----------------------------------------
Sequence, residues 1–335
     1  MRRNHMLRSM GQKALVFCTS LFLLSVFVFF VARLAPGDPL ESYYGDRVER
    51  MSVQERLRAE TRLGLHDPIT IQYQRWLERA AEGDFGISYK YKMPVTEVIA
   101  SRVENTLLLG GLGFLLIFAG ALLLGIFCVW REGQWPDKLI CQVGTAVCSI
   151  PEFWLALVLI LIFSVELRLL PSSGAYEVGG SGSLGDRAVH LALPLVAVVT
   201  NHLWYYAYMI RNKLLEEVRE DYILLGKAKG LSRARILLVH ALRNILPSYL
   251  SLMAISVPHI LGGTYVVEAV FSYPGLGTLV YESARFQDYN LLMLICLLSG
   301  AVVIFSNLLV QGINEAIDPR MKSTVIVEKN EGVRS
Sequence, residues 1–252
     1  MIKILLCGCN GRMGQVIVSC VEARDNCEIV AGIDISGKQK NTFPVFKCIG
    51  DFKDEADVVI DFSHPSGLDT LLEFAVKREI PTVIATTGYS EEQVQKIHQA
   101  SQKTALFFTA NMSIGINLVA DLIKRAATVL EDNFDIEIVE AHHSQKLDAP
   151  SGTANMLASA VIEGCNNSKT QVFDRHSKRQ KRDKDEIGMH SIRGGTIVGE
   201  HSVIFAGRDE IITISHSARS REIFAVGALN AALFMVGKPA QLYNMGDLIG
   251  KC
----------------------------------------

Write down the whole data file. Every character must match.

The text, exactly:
Sequence, residues 1–335
     1  MRRNHMLRSM GQKALVFCTS LFLLSVFVFF VARLAPGDPL ESYYGDRVER
    51  MSVQERLRAE TRLGLHDPIT IQYQRWLERA AEGDFGISYK YKMPVTEVIA
   101  SRVENTLLLG GLGFLLIFAG ALLLGIFCVW REGQWPDKLI CQVGTAVCSI
   151  PEFWLALVLI LIFSVELRLL PSSGAYEVGG SGSLGDRAVH LALPLVAVVT
   201  NHLWYYAYMI RNKLLEEVRE DYILLGKAKG LSRARILLVH ALRNILPSYL
   251  SLMAISVPHI LGGTYVVEAV FSYPGLGTLV YESARFQDYN LLMLICLLSG
   301  AVVIFSNLLV QGINEAIDPR MKSTVIVEKN EGVRS
Sequence, residues 1–252
     1  MIKILLCGCN GRMGQVIVSC VEARDNCEIV AGIDISGKQK NTFPVFKCIG
    51  DFKDEADVVI DFSHPSGLDT LLEFAVKREI PTVIATTGYS EEQVQKIHQA
   101  SQKTALFFTA NMSIGINLVA DLIKRAATVL EDNFDIEIVE AHHSQKLDAP
   151  SGTANMLASA VIEGCNNSKT QVFDRHSKRQ KRDKDEIGMH SIRGGTIVGE
   201  HSVIFAGRDE IITISHSARS REIFAVGALN AALFMVGKPA QLYNMGDLIG
   251  KC